Solitaire vs emerald cut halo

posted 2 years ago in Rings
Post # 17
767 posts
Busy bee
  • Wedding: April 2011

Do a bezel halo! I had this one before and loved it.  Prongs on a solitaire or a halo would be equally as scratchy – I much prefer bezels because I do find prongs scratch my little ones. 


Post # 18
1706 posts
Bumble bee
  • Wedding: July 2009

alicebee123 :  The height of a setting or placing the stone in a bezel or not will have zero impact on the sparkle of a modern excellent cut diamonds. Modern diamonds are cut to only accept light and return light reflections through the table. So, provided the diamond is well-cut, it requires no light from any other angle, so covering the girdle has no impact. But, there are a lot of diamonds on the market that are not well-cut. Round diamonds, btw, are much easier to select based simply on their angles — all other shapes require a good eye. 

If you are looking an antique diamonds, then there could be a impact on the light return by covering the girdle with a bezel. Vendors of antique stones should be able to help you with determining if a particular antique diamond has this concern. 

Also, ECs will not have the kind of fire and light return of a round or oval. ECs have more flashes due to the larger, flatter facets. So, you should spend some time looking at them and see which one you like for the ‘look’ and the ‘look on your hand’. 

You can easily source Moissanite and settings online – and many folks outside the US do just that. If you want a moissy, get a moissy. If you want a diamond, go that route. Round and cushion moissy are probably the most like a diamond in cut and performance. Keep in mind that setting of any gemstone is a time of some risk, having the vendor who sells you the stone also set the stone is a good choice unless you are looking for a highly customized setting. In that case, many custom jewellers won’t set stones they don’t source, so ask. 




Post # 19
1706 posts
Bumble bee
  • Wedding: July 2009

amandajane4949 :  I love yours. Baguettes are a classy companion to ECs. I love that setting you noted as well, but I have to say the sapphire halo takes my breath away. There is something about caliber cut stones that make my vintage loving heart sing.

Post # 20
2314 posts
Buzzing bee
  • Wedding: October 2015 - Ruby Princess

glitterysala :  Thanks, that means a lot, coming from you!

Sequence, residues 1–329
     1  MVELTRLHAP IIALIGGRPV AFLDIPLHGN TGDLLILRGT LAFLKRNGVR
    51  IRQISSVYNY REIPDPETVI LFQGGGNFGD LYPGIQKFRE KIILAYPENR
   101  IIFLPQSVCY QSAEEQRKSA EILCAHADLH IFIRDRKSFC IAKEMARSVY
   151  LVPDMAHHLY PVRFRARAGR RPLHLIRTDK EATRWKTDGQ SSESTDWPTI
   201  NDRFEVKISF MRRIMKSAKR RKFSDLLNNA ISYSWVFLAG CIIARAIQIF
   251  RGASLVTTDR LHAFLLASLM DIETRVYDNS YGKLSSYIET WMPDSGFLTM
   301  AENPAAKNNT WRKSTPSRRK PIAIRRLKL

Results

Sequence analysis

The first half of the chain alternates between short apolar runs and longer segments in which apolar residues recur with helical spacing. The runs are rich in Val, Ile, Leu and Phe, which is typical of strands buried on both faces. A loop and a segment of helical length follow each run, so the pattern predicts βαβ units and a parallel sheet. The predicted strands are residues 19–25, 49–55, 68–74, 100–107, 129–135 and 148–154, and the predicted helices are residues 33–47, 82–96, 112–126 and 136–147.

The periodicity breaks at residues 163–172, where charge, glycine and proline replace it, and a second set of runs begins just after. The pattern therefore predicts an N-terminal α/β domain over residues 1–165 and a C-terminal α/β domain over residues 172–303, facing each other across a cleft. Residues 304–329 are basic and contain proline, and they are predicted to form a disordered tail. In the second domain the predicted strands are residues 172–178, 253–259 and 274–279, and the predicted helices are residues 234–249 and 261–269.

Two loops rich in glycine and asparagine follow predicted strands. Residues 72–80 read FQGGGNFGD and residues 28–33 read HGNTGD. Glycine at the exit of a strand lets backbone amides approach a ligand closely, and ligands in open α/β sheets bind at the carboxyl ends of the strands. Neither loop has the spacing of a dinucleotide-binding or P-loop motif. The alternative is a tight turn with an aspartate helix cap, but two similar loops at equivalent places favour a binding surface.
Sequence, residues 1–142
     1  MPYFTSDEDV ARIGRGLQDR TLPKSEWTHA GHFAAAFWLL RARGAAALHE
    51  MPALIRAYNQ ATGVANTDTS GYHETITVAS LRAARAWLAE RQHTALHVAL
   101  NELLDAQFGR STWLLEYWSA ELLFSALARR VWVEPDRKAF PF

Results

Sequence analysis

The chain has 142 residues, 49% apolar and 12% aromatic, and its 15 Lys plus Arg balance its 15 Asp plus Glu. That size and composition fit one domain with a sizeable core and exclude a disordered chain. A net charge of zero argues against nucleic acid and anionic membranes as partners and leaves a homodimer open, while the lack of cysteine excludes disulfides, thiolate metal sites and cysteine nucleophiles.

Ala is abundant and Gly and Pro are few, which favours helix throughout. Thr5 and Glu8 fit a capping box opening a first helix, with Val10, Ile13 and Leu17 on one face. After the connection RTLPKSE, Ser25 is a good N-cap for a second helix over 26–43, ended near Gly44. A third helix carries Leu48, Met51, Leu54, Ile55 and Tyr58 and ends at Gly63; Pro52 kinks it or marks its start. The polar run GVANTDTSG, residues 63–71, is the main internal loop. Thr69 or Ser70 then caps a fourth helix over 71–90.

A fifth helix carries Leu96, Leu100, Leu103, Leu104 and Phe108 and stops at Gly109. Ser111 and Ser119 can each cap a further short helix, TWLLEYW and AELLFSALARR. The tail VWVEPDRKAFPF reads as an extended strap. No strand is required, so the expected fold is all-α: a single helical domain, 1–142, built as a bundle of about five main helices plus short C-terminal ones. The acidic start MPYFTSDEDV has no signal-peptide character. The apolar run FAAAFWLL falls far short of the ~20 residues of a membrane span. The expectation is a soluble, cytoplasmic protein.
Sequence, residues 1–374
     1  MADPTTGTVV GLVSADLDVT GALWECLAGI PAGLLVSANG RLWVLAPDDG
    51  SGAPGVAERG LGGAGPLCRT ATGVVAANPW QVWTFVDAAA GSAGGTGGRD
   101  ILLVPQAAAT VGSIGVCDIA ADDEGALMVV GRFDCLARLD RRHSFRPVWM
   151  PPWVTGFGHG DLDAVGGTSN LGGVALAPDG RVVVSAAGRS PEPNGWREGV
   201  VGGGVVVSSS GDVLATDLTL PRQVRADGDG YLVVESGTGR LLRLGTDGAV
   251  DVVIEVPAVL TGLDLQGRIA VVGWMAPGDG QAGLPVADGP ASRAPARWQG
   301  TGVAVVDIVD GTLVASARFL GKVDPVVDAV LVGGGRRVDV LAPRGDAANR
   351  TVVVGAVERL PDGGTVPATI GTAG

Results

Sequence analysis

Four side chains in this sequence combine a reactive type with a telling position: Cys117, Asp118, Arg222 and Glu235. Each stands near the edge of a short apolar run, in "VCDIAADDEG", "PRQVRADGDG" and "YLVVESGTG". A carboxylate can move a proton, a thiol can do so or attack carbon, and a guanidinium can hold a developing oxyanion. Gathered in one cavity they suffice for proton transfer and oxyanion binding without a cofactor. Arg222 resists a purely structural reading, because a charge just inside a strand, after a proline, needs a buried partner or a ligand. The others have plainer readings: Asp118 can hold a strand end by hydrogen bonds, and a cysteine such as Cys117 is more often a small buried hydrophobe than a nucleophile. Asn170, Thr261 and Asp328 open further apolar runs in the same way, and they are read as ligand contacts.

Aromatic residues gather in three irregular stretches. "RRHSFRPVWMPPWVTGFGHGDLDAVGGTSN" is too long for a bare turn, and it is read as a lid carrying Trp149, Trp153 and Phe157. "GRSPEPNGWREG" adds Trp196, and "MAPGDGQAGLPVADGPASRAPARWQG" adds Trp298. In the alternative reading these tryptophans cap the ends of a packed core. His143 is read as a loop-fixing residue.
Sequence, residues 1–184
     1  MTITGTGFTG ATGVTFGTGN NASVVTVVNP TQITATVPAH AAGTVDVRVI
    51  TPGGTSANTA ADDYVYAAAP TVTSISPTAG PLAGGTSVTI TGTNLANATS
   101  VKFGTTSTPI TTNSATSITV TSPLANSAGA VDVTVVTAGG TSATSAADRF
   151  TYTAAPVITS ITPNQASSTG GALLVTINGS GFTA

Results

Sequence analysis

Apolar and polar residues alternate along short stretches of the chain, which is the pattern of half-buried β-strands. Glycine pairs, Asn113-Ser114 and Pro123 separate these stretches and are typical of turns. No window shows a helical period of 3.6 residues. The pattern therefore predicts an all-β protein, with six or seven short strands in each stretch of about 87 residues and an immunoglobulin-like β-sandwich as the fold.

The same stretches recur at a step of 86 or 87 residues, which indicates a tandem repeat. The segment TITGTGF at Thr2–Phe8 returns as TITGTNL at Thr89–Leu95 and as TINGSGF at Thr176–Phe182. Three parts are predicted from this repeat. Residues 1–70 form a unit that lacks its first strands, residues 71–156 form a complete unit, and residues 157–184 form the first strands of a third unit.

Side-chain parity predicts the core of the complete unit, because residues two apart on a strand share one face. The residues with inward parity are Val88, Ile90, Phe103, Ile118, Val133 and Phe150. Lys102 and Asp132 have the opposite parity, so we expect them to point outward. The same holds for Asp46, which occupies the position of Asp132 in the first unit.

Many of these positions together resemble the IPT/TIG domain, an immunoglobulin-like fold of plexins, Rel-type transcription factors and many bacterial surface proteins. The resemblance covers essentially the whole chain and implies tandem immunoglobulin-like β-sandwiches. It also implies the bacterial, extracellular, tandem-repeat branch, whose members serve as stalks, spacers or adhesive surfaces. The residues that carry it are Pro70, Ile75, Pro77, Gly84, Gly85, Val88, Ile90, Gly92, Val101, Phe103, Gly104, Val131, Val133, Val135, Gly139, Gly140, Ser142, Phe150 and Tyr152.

Post # 22
1706 posts
Bumble bee
  • Wedding: July 2009

alicebee123 :  You guys in the UK really get hit with the VAT and taxes. Such a bummer. Like I said, if you like a moissy for the size, the question of worth is more complex right? If you by a 1 carat top performing round, you are looking at $8-10k (likely closer to $10k in the  UK). If you buy a 1 carat moissy for $2k and pay VAT and import on top of that, you sill pay quite a bit less. Both stones take a serious 20-40% value hit if you need to re-sell in the future. But, sounds like you are a diamond gal, so that’s cool.


For modern rounds, here’s a cheat sheet that you can tell them to stick to. 

    <li dir=”ltr”>table – 54-58%
    <li dir=”ltr”>depth 59-62.3%
    <li dir=”ltr”>crown 34-35 degrees
    <li dir=”ltr”>pavilion 40.6 – 41 degrees

Lower crown pairs better with higher pavilion and vice versa (34 w/41 pav and 35 w/40.6 pav) 

Anything that meets thee criteria, run through the HCA tool. Eliminate from consideration anything > 2.0. This tool has some assumptions and will eliminate some creative combos that might be ok (especially for 60/60 diamonds). But, it arms you with some screening to keep you within the range for good performance. GIAXXX is less strict on cut than AGS0, with no diamond experience, I would not consider any lab but GIA, AGS or HRD. 

If there is a “Hearts on Fire” ( or “Crafted by Infiniity” ( showroom in your area, they both are more small-table fire type super-ideals. You might find it helpful to go have a look and see how you eyes feel about the balance. Wallets on Fire, I mean Hearts on Fire, are very pricey – I advise leaving your wallet in the car :lol:.

Emerald Cuts

Really takes studying to select good ones. But, you want to look for steps that are not always off or on…and the twinkle off and on as the stone turns. “There should be a balance of narrow light and dark lines in the center with tiny sparkles like crushed ice at the two ends. When moving the EC from side to side, a rainbow moves from one end of the long steps to the other end (the long steps should light up with fire). The smaller corners should look like icy crushed ice (tiny sparkles).” Quoting Chrono on PS.

{forgive the gem nerd rambling on….embarassed}


Post # 23
8629 posts
Bumble Beekeeper

alicebee123 :  I have an emerald cut halo and a baby – I still wear my ring the same as I always have. I never slept in it and only put it on to leave the house so some days I don’t end up wearing it but that is laziness not because I scratch my daughter. 

Post # 24
31 posts

alicebee123 :  I had the same dilemma.  I love emeralds cuts.  In the end I decided I wanted the best of both worlds.  The flash of an emerald cut and glittery shine of a halo.  I got a tiny halo and got the best of both worlds.  

Post # 25
2168 posts
Buzzing bee
  • Wedding: Cathedral of the Immaculate Conception/The Gallery

glitterysala :  I have no real opinion on this matter (though I prefer solitaires and simple settings) but HOLY MOLY those rings!! That oval in the emerald halo is to die for. *Swoon*

Post # 26
128 posts
Blushing bee

I think there is much less chance of a halo scratching things like a baby than a solitaire….I have a princess cut halo  and there is nothing sharp on it anywhere….you will know which one is for you once you try both on, Im definitely on team halo….

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